Had Nigel lost he wouldn't have said, "oh well, that's it, we'll abandon any hopes of coming out of Europe; I'll just learn French so that I don't have to shout/slur loudly at the bar staff in Brussels".
Our parliament has a majority of members who were elected on a platform that included the proposal that if there were to be a material change in the political or economic situation, then another referendum on independence was possible. Their election too, might be called the settled will of the Scottish people, as might be the 62% for Europe vote in our country.
The 'settled will' in any case is not ever really settled, regardless of what the odious Jack Straw says (in between celebrating Berexit getting Chilcott and thus his sorry backside off the front pages almost immediately!!) He would have made it illegal for there EVER to be another referendum on Scottish Independence.
|To be fair Mr Farage was never one to see irony|
Nicola is doing the right thing in my opinion, to see if the 'will' of the Scottish people, in both referenda can be accepted: ie, Scotland remain a part of the UK and a part of the EU. That's after all what the Scots said back in 2014 and 2016.
It's not as fantastical as it seems. In the Kingdom of Denmark, part is in and part out. And the Irish situation may well demand a much more flexible viewpoint, for the sake of peace or again the possibility of a part of the UK breaking away.
If, as Westminster seems to be indicating it will, that fails, then the views of the Scottish people may be sought again. Not to do so would be letting down the 62% who are about to be dragged out of Europe with the attendant loss of jobs and increased costs. Particularly because of the specific promise made by UKOKers in 2014.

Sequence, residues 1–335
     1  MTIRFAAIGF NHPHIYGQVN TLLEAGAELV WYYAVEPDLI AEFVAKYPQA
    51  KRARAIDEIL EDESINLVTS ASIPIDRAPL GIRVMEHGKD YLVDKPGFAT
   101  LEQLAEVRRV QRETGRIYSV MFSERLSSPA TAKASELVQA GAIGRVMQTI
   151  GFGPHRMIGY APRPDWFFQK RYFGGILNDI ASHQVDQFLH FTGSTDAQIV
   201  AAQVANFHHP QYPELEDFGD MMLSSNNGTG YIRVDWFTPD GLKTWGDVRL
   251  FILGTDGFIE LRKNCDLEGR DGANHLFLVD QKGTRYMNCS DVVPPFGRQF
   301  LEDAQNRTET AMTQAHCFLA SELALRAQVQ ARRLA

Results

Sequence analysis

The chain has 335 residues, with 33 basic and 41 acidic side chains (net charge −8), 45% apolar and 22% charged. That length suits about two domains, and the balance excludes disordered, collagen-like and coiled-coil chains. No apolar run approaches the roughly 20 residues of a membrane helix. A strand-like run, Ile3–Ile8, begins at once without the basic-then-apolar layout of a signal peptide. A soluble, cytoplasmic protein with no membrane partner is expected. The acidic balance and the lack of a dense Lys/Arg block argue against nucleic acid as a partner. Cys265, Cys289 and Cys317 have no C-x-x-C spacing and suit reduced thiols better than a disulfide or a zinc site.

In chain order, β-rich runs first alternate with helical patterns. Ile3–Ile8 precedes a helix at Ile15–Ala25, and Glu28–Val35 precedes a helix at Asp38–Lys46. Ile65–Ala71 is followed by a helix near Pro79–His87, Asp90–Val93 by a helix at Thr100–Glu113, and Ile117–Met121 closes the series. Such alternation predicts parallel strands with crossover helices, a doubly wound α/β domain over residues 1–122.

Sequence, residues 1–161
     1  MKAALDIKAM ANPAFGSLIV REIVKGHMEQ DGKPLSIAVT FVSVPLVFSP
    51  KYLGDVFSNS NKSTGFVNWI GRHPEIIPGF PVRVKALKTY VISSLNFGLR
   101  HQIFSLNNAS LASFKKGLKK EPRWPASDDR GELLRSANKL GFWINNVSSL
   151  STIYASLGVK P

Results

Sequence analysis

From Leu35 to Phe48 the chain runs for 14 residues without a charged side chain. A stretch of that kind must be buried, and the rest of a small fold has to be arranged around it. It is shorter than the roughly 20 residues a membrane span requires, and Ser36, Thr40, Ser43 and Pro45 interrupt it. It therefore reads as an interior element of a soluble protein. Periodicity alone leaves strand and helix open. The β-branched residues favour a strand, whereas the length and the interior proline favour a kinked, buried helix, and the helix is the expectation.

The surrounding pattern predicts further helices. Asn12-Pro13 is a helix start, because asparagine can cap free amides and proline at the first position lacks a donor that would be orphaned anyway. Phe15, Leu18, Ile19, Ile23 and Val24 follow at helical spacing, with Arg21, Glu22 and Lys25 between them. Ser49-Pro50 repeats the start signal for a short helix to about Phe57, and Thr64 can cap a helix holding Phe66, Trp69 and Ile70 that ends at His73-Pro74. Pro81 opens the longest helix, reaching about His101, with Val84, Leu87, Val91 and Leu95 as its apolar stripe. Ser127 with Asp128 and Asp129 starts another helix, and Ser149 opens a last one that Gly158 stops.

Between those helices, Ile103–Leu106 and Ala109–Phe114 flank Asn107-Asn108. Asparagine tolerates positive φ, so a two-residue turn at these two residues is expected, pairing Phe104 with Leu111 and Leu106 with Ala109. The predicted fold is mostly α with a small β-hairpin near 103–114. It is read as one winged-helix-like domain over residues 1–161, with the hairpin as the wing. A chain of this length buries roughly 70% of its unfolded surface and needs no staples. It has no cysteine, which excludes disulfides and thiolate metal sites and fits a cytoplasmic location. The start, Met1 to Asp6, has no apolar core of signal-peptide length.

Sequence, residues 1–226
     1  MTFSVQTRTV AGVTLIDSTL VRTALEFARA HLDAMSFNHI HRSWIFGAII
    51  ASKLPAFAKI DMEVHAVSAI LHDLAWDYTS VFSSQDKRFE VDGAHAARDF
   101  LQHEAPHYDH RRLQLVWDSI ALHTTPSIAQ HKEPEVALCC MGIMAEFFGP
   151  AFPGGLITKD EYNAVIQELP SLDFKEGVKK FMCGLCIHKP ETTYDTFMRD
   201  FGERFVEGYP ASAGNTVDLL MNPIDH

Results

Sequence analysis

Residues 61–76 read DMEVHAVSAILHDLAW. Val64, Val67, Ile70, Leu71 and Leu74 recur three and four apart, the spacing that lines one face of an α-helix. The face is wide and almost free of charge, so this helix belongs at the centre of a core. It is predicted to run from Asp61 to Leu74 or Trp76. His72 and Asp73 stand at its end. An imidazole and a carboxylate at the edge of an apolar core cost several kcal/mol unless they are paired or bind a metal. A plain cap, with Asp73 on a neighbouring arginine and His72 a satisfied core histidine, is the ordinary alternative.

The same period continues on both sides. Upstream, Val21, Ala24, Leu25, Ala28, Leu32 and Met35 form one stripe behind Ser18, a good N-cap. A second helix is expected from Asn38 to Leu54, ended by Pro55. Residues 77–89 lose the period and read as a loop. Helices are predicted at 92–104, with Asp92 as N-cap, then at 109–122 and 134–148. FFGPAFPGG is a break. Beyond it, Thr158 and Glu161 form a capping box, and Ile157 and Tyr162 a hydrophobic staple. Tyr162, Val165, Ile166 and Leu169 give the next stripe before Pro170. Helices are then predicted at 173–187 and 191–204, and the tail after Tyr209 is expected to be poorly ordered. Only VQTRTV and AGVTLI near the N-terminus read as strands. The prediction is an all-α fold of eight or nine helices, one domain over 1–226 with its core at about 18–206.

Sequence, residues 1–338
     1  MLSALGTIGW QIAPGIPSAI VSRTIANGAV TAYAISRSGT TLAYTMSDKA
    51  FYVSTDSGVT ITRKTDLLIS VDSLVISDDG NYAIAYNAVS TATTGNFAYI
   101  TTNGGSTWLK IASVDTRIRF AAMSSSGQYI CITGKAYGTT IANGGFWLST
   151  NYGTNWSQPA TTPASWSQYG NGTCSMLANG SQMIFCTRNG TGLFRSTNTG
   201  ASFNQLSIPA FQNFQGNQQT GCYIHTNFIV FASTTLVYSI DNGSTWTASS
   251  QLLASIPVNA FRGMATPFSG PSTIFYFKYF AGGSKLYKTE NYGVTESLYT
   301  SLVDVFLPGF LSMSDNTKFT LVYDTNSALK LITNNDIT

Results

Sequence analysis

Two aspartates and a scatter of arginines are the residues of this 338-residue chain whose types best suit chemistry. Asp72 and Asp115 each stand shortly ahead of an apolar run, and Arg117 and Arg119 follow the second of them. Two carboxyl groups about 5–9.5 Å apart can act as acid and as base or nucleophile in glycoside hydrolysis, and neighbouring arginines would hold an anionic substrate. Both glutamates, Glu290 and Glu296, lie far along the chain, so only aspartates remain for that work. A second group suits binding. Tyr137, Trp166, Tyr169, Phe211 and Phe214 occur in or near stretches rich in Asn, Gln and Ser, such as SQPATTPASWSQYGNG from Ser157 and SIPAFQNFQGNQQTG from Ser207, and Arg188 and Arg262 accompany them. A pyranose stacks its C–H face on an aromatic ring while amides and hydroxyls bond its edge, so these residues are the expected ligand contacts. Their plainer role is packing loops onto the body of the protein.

|Well, there you go. The Queen must hate Celtic, Murdo?|
Did you ask her how she feels about you telling the world that?
How the hell can Nicola, or the Scottish public, possibly know what it means when the folk that are supposed to be in charge won't tell us (or don't know themselves)? And how can the Scottish government plan for something that the Brits haven't sorted out? This is a good read.
What the Scottish government has tried to do is establish the facts. So Nicola has been to Brussels to meet with people there. What she wanted to know was, what would this mean for Scotland...was there a possibility of a Greenlandic solution in reverse... and how would the EU react to Scotland if it decided independence in Europe was superior to dependence in the UK?
She seemed to get more done in the first few weeks than the mighty British government which acted like a rabbit blinded by headlights from the four winds.
But of course, all negotiations must, in the end, be between London and Brussels.
We are dependent upon people who seem to have little regard for us, and certainly won't much care about our wishes when it comes to negotiating. To be fair they all represent English constituencies and the English population is massive in comparison to ours.
|Boris wanted the yacht to travel the world with his two buddies (and presumably Mr Werrity). His boss said NO.|
At the moment they seemed to be more interested in getting the royal yacht recommissioned so they can steam around the world like the colonialists they are, striking up trade deals with anyone who is impressed with a royal yacht. Opium anyone? Watch out, Dean, if some suspicious looking English fellow with a haystack on his head comes up to you in the street saying "Me sell you opium. Velly good stuff, ask Lord Sewell". Oh no sorry, that was coke!
I'd be interested in people's views on this, and on whether parliament should be given a chance to debate Brexit, albeit with no veto on the referendum result, or whether it should all be done by the back door, privy council, statutory orders or whatever they have up their sleeve when they want to be sneaky...